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Workshop aims to proactively address sexual violence

McGill to provide course credit for becoming an active bystander

McGill’s first bystander program, Becoming an Active Bystander, was launched this March as a collaboration between Healthy McGill, Residence Life, and the Office of the Dean of Students. The program is comprised of a series of sexual violence prevention workshops and is a continuation of the consent campaign launched in fall 2014. The series aims to provide the McGill community with the tools necessary to recognize and address potentially harmful situations on campus that relate to sexual violence.

“The content can be applied to different scenarios,” Liason Officer (Harm Reduction) Bianca Tétrault, one of the main developers of the workshop, told The Daily. “It involves recognizing that the tools can be used to interrupt incidents of oppression, racism, [ableism], and sexism, and so on and so forth.”

The program is a series resulting from ongoing action to promote consent on campus, which has occurred in the wake of last year’s Redmen sexual assault case. Students can sign up on myInvolvement, an online portal, to register for the workshop. Two workshops will be hosted on March 30 and 31 on the downtown campus, and one will be held at MacDonald campus on April 8. Tétrault noted the possibility that there might be more coming up in April, and said the sessions will definitely be resuming in September.

The free workshop lasts three hours, which, once completed, means that attendants are certified as active bystanders in the community and will receive credits on their co-curricular record – a part of students’ official transcript.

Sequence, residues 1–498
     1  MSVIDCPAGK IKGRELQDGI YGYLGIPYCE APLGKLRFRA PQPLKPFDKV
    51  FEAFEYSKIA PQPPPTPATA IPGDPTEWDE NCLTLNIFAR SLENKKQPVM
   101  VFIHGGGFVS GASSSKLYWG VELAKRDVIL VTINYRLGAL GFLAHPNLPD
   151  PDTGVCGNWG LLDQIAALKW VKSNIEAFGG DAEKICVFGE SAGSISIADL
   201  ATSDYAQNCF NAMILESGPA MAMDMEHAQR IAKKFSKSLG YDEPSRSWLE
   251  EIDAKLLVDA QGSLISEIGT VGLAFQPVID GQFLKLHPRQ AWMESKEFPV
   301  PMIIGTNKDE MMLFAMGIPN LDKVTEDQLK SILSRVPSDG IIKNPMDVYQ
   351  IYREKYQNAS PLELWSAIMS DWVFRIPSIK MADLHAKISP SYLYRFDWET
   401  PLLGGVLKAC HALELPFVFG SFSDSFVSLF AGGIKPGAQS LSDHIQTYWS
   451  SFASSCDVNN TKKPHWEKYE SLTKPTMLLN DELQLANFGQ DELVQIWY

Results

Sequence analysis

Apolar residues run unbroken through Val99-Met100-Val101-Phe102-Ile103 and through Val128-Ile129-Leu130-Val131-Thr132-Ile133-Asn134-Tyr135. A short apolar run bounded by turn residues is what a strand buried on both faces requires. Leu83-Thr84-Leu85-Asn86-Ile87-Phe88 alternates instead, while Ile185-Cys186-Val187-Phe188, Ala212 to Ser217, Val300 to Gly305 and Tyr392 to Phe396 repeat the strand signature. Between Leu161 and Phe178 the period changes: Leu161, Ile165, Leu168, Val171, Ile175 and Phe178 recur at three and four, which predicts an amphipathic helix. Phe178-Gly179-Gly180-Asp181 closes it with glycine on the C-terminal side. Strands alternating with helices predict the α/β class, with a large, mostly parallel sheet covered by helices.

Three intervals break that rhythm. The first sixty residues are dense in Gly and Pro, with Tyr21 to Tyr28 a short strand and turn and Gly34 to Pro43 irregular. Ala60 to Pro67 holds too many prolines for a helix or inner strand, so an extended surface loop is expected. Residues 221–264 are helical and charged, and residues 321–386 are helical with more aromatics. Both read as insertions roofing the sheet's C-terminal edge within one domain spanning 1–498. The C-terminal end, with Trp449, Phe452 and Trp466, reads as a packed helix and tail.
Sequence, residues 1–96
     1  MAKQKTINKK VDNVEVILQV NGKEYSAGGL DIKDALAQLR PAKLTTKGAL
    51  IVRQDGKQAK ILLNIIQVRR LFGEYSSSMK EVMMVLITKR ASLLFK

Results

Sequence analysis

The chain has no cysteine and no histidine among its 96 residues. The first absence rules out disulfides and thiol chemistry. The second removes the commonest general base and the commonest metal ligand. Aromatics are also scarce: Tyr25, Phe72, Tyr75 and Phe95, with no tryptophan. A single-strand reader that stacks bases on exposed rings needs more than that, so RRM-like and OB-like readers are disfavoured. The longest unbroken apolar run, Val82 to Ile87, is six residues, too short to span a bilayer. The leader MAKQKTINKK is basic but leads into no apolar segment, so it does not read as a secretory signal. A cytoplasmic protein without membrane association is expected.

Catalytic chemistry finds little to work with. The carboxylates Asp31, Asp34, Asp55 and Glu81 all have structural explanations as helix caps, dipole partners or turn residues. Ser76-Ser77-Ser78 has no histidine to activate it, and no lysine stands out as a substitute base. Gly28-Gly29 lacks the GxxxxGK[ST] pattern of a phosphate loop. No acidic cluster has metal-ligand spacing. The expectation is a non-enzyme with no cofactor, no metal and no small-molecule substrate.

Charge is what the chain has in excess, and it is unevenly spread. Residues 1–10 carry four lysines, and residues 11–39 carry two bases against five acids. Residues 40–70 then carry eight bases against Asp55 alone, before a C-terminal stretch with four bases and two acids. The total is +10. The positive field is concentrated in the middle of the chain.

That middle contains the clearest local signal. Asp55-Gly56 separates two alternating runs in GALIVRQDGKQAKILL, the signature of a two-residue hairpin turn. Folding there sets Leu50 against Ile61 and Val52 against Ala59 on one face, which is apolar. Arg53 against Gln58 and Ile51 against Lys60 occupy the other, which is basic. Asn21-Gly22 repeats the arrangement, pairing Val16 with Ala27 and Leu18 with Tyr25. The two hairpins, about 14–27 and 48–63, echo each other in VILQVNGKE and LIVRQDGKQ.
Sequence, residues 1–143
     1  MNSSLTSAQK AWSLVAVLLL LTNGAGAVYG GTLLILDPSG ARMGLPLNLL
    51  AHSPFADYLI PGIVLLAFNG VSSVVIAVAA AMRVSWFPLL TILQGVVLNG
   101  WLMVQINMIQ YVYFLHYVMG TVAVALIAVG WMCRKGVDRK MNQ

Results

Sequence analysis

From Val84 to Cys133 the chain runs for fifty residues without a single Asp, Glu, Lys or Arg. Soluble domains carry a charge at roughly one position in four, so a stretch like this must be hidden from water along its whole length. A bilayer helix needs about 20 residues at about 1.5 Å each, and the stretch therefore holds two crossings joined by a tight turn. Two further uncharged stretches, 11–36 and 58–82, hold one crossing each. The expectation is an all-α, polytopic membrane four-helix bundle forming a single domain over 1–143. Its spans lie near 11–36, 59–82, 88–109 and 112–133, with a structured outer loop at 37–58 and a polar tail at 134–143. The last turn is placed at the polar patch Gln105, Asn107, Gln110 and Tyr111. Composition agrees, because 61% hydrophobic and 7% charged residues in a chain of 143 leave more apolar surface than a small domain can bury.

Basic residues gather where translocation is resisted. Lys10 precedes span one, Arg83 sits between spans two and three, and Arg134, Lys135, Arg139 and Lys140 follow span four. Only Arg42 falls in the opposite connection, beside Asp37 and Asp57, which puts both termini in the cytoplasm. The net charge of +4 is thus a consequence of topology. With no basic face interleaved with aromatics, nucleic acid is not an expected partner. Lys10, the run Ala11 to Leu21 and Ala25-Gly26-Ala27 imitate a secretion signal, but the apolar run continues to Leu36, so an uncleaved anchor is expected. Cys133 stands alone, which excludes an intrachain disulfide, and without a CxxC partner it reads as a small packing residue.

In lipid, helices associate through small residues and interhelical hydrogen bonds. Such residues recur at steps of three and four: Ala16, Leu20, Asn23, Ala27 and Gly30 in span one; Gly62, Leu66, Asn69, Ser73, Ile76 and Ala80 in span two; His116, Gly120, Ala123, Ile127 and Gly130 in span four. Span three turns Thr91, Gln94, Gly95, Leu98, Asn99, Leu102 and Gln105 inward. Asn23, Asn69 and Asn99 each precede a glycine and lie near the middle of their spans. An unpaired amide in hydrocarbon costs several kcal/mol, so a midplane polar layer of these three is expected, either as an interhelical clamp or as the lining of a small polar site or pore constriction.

The workshop talks about the importance of language and identifies the need to approach sexual violence intersectionally. It also addresses the ways in which power and privilege play a role in our ability to respond to potentially harmful situations, as well as one’s likelihood to become a target for certain harmful behaviours.

“We address the fact that, due to our culture of silence and secrecy, sexual violence continues to exist and go unchallenged.”

“We address the fact that, due to our culture of silence and secrecy, sexual violence continues to exist and go unchallenged,” said Rebecca Dales, the program’s Logistics Coordinator and one of the facilitators of the workshop. “Throughout the workshop, we avoid blaming participants for past decisions, but rather empower them to be more aware of these behaviours so that they can change in the future.”

Amanda Unruh, Health Promotion Officer at Student Health Services and one of the collaborators and developers of the program, said the series aims to look at ways of mitigating violence proactively, addressing it head-on, and providing resources and support after the violence has taken place.

In terms of prevention, Unruh also noted the importance of creating a sex-positive environment that allows for people to express their sexuality in a positive way.

Participants will also learn about what an active bystander is within the McGill community, and will be provided with the tools necessary to intervene safely and consensually. Recent media coverage of sexual violence will be reviewed and discussed, and participants will watch a video titled “Who Are You” to identify active bystanders in specific scenarios.

“The last hour of our workshop is dedicated to reviewing case scenarios where participants are able to discuss and think about how they will take what we have reviewed and put it into action,” said Dales. “We use scenarios that happen in our everyday lives within our community.”

“We recognize that we can give them all the information, but if they do not have the space to be able to practice [being an active bystander], when they are actually confronted with the situation in real life it is harder to be able to go forward and actually do something,” added Tétrault.